31 Jul 2002

Working for $0

Dave Winer writes:

OSCON, last week, has done its job and stirred the embers of the Great Open Source Debate of the 1990s. I found myself writing in an email yesterday: “Very little really usable software has come from people who are willing to work for $0. (I chose my words carefully, infrastructure is another matter entirely.) Further, it’s weird to say, as Richard Stallman does, that by coercing programmers to work for $0 that that’s freedom. To me it seems obvious that that’s slavery.”

My response, in an email to Dave:

I’m surprised by each of these sentiments: that we’re not writing usable software, that we’re not making money, and that it’s coercion (and thus slavery).

Some background on me. I work as a consultant using almost 100% Open Source / Free Software, providing new solutions and support for existing software. I contribute to The GNOME Project as release team manager and other things, and am president of the Sydney Linux User’s Group. So yeah, I really enjoy this stuff. :-)

I’ll speak mainly from my experiences with GNOME.

On the usability front, we’ve seen some massive improvements in our 2.0 release. It’s really hotting up. The Sun Microsystems hackers working on GNOME are pushing us towards 100% Section 508 compliance – we have the framework in place in 2.0 – which means that our accessibility support will be up to US Government standards. We have an awesome desktop environment, plenty of great apps (and a few first class ones such as the Evolution groupware suite). Yeah, we’re still playing catch-up, but in four years we’ve covered a hell of a lot of ground. It only gets better.

We’re making money, too. Plenty of GNOME hackers are employed to hack on GNOME. That’s a simple ‘software company pays programmer’ equation. The various OS/FS-involved companies are doing a good job of bringing in the dollars too (I don’t think OS/FS handicaps them very much at all compared to other service-based software businesses). I also earn my keep with OS/FS. :-)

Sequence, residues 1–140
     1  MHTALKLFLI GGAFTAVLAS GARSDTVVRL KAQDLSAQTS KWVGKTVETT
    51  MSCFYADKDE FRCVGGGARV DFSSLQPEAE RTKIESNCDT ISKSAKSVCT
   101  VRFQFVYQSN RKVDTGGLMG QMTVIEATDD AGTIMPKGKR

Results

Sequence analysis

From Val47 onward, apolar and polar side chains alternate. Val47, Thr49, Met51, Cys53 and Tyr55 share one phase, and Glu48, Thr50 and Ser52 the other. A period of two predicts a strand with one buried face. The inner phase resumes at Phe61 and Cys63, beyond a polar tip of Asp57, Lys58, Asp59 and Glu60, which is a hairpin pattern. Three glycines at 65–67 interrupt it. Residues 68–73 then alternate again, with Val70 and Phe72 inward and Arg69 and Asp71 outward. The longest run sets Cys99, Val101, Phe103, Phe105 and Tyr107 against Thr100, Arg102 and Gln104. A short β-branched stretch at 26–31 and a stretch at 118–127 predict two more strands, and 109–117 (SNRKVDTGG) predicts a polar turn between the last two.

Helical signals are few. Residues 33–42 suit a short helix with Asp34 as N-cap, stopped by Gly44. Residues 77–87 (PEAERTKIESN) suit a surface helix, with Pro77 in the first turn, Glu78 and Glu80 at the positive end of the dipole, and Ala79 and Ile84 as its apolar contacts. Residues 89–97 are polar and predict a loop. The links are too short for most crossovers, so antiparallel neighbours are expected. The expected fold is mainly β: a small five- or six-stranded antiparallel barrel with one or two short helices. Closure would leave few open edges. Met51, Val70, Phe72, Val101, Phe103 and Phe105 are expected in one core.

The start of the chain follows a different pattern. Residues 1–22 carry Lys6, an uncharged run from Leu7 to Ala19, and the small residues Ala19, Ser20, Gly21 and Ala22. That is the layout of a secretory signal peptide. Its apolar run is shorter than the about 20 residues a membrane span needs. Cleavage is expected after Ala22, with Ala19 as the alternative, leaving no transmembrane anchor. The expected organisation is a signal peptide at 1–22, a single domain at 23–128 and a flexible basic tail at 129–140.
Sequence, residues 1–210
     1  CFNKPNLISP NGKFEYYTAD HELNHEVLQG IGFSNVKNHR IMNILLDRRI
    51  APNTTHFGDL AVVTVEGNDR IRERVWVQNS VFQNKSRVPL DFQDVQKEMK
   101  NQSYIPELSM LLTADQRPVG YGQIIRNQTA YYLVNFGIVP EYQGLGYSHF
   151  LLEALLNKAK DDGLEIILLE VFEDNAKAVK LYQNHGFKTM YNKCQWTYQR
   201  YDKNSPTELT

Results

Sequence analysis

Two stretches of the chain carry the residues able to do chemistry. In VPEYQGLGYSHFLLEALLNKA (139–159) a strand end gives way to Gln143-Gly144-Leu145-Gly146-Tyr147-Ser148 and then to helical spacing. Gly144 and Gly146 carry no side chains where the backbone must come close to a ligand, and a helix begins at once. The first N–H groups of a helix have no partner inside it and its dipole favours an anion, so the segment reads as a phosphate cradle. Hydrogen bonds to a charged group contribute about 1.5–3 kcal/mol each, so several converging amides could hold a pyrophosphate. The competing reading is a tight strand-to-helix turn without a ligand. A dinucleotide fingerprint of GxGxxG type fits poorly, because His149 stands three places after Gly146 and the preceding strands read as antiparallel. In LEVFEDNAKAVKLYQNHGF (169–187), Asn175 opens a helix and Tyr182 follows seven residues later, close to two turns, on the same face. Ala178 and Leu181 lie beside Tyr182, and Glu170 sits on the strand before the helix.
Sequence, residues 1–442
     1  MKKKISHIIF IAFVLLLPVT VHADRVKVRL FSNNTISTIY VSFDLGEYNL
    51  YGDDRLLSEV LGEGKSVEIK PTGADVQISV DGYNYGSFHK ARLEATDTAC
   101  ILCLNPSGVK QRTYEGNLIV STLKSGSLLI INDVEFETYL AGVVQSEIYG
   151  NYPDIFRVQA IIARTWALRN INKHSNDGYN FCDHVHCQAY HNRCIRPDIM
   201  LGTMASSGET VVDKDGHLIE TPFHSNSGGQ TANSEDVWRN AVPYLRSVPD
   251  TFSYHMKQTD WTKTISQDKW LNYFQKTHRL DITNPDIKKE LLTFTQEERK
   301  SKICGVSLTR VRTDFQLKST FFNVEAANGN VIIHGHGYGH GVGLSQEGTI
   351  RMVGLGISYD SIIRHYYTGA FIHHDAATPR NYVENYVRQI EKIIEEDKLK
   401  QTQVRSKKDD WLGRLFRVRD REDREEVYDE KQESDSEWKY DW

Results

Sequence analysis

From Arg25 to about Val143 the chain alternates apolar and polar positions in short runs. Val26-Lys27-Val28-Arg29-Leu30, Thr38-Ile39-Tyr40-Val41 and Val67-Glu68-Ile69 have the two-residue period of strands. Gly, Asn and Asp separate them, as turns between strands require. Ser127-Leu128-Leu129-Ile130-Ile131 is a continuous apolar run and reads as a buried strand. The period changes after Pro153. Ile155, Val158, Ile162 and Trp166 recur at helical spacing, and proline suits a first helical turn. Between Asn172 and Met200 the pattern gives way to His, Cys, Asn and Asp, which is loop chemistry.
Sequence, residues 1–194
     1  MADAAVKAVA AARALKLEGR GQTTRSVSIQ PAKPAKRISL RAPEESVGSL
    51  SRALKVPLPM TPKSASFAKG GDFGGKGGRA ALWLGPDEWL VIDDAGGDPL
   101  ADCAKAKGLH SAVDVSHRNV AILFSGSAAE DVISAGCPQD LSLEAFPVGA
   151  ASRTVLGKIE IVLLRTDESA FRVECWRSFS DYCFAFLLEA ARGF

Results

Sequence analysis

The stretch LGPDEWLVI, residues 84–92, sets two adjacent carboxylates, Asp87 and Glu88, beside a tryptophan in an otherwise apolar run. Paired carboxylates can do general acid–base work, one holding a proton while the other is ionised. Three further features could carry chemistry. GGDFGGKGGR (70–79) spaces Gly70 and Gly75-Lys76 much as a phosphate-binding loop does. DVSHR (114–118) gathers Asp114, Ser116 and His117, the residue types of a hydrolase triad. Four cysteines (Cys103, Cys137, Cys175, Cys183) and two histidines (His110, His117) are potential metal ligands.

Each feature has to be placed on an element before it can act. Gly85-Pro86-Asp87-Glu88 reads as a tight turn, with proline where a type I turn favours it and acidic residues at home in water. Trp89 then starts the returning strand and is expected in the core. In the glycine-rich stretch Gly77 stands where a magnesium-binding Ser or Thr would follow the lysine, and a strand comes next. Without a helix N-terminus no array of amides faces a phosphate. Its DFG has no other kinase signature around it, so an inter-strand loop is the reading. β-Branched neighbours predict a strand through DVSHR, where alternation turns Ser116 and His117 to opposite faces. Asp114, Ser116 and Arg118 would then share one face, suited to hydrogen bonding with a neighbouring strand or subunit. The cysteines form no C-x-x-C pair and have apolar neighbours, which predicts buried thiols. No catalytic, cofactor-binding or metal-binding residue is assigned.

The last point about programmers being coerced and thus enslaved is *very* interesting from a Free Software perspective. There are lots of reasons to work on OS/FS, so it’s hard to sum up why we do it. Linus Torvalds’ simple analysis “just for fun” is probably the most accurate.

Constructing cool software with a bunch of people across the planet, and being able to play with and improve it is *fun*! Sad as it may seem, I get a kick out of just helping this process along, in my role as release team manager. I’m not the greatest hacker in the world, so I help out in other ways. ;-) But I also do it because I think it’s a good deed (plus, I think it’s ‘right’, but I don’t think everything else is therefore ‘wrong’).

It takes all types. Some of the paid hackers do it as their job, some of them are pretty chuffed that they can be paid to do what they enjoy. Some of us have wives and kids and need a hobby, some of us find that we learn more from the practice of software development than the theory we learn at university. Some of us do it out of a sense of purity, some as an actively violent response to proprietary software. Some of us do it because we’re bloody good at it, some of us because we look up to those who are, and want to help them. In the end, I think most of us do it because it’s fun – if it wasn’t, we wouldn’t do it at all.


Don’t bother emailing a blogger. Link to them.

19 Jul 2002

Plan 9

So, I’m sitting in the main lecture room, watching Keith Packard, Jim Gettys and Rob Pike chatting about old school UNIX stuff. Plan 9 on the main screen, awaiting Rob Pike’s talk about “plumbing”. No idea what this is going to be about.